Point is, this has the potential to be big. I'm interested to see how it goes down. If it falls flat, you can revise it, or attempt to partially salvage it at the least. I'd say it's definitely worth a try. I've heard the idea floated around before, and it'd be nice to finally see a serious attempt at putting it into action to get some idea of whether or not this is really possible.

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A few personal concerns, with the first one already somewhat glossed over:

What do we do if Urist McNukeop gets a ransom and transfers the funds to their account. Does that mean the character they chose to try joining as gets the money by default, because Whooo "10k credits!" Lets say naming of the character for Nuke Ops and Wizard rounds prevents that and you are expected not to put your character's real or whole name, What If I make a character named Houssam Jawdat and I get Jawdat's money and spend it all before anyone can notice that I'm not Jawdat's player. Or what if I play a randomly named character each round, does this effect my money to always be the default value unless another person has had this exact same randomized name before?


It's just a few concerns, but something I'm hoping to see a solid answer for. I really want to support this as my captain would be very wealthy, while my career criminal would be struggling to make ends meet.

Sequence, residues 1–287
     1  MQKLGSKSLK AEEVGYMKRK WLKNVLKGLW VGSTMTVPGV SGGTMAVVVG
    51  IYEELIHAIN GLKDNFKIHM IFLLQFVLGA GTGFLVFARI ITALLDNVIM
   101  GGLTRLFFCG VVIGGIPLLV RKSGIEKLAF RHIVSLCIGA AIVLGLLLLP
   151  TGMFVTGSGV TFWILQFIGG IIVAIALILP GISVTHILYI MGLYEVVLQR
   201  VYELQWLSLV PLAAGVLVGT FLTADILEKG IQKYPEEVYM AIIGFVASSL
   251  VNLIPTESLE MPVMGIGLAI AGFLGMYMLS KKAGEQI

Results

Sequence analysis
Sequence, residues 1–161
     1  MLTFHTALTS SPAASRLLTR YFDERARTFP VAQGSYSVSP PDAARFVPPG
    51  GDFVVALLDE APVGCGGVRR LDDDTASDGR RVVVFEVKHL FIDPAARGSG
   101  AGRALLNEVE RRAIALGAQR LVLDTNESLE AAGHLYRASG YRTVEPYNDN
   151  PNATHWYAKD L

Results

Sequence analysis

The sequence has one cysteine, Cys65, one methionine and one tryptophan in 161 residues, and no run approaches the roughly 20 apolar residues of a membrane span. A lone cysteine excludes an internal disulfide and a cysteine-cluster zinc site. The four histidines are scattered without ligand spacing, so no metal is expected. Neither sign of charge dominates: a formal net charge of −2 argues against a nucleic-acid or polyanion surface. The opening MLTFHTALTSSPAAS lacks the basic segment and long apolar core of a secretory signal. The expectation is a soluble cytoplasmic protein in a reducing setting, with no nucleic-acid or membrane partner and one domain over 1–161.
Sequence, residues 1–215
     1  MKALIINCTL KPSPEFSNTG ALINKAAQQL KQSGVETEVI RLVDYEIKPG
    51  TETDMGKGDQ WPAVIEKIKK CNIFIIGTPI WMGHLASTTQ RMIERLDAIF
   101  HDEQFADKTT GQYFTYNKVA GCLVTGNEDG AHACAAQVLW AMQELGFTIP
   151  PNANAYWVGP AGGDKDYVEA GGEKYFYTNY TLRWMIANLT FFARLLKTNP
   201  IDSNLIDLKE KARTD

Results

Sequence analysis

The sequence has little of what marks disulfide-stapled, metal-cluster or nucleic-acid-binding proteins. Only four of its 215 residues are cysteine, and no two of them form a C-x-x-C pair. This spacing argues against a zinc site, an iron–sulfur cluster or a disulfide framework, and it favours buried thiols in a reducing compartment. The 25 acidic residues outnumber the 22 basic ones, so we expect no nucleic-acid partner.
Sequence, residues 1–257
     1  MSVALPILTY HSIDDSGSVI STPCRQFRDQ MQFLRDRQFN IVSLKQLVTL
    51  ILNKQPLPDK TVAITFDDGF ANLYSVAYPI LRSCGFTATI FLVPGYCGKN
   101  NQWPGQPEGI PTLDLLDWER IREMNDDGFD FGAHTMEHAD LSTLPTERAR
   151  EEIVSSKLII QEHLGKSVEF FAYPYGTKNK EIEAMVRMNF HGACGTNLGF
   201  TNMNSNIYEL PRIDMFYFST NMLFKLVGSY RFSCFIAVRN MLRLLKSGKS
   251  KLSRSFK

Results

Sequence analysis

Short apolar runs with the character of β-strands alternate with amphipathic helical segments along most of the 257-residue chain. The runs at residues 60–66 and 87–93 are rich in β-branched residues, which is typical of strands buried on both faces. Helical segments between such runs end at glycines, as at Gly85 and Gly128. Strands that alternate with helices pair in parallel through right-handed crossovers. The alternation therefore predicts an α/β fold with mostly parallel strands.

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This idea is great. Albeit great, there are a ton of problems.


Sure, you can RP being poor and complain how you can't afford a good TV back in your apartment. But, it means nothing, and has no game mechanics. You still start with the same(ish) amount of credits as everyone else and they're basically never used. Having it mean something would open up so many new opportunities.

I have a problem with the persistence part of it though. Being able to start at a rich/middle/poor level is good, but it pretty much forces everything to be canon, especially if the player can't edit the amount of money his/her character has for the next round. The biggest problem I can see lies in what happens when you're not on station. The suggest random expense thingie would be a start, but what if John Smith went to space Vegas and blew all his money, or won the lottery and came into a bunch of money. The way it's currently suggested forces the player to keep their character basically the same level of wealth, and I suggest the player can change how much money their character has in between rounds.

Of course, powergaming. All the baldies would be billionaires, which would be a problem, and we can't really have a 'don't make all your characters rich' rule. It would probably end up in the same way that 90% of characters are fit and robust, which probably isn't the average. Although that is that, it's not really an issue, and the everyone is a bit wealthy problem would probably settle into the same way. People who want to be different than the rest and RP something different, have that opportunity, so it would be an improvement.